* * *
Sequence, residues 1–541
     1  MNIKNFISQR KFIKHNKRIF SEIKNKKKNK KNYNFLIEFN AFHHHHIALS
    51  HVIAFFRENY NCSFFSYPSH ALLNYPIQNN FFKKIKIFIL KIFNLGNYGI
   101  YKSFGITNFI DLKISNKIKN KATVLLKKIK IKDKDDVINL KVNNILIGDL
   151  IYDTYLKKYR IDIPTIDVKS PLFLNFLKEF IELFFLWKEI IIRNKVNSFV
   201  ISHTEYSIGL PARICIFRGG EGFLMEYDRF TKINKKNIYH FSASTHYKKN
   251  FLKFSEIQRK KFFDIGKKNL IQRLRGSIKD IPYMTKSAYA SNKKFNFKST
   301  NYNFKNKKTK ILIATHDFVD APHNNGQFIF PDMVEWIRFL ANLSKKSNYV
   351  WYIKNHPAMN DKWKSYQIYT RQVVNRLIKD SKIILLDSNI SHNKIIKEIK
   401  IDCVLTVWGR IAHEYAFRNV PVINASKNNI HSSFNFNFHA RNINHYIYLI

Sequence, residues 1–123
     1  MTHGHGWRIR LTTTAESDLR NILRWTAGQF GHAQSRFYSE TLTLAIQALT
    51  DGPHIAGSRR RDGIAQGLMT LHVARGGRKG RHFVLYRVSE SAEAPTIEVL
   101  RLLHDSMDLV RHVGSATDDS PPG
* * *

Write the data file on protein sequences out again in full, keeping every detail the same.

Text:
Sequence, residues 1–541
     1  MNIKNFISQR KFIKHNKRIF SEIKNKKKNK KNYNFLIEFN AFHHHHIALS
    51  HVIAFFRENY NCSFFSYPSH ALLNYPIQNN FFKKIKIFIL KIFNLGNYGI
   101  YKSFGITNFI DLKISNKIKN KATVLLKKIK IKDKDDVINL KVNNILIGDL
   151  IYDTYLKKYR IDIPTIDVKS PLFLNFLKEF IELFFLWKEI IIRNKVNSFV
   201  ISHTEYSIGL PARICIFRGG EGFLMEYDRF TKINKKNIYH FSASTHYKKN
   251  FLKFSEIQRK KFFDIGKKNL IQRLRGSIKD IPYMTKSAYA SNKKFNFKST
   301  NYNFKNKKTK ILIATHDFVD APHNNGQFIF PDMVEWIRFL ANLSKKSNYV
   351  WYIKNHPAMN DKWKSYQIYT RQVVNRLIKD SKIILLDSNI SHNKIIKEIK
   401  IDCVLTVWGR IAHEYAFRNV PVINASKNNI HSSFNFNFHA RNINHYIYLI

Sequence, residues 1–123
     1  MTHGHGWRIR LTTTAESDLR NILRWTAGQF GHAQSRFYSE TLTLAIQALT
    51  DGPHIAGSRR RDGIAQGLMT LHVARGGRKG RHFVLYRVSE SAEAPTIEVL
   101  RLLHDSMDLV RHVGSATDDS PPG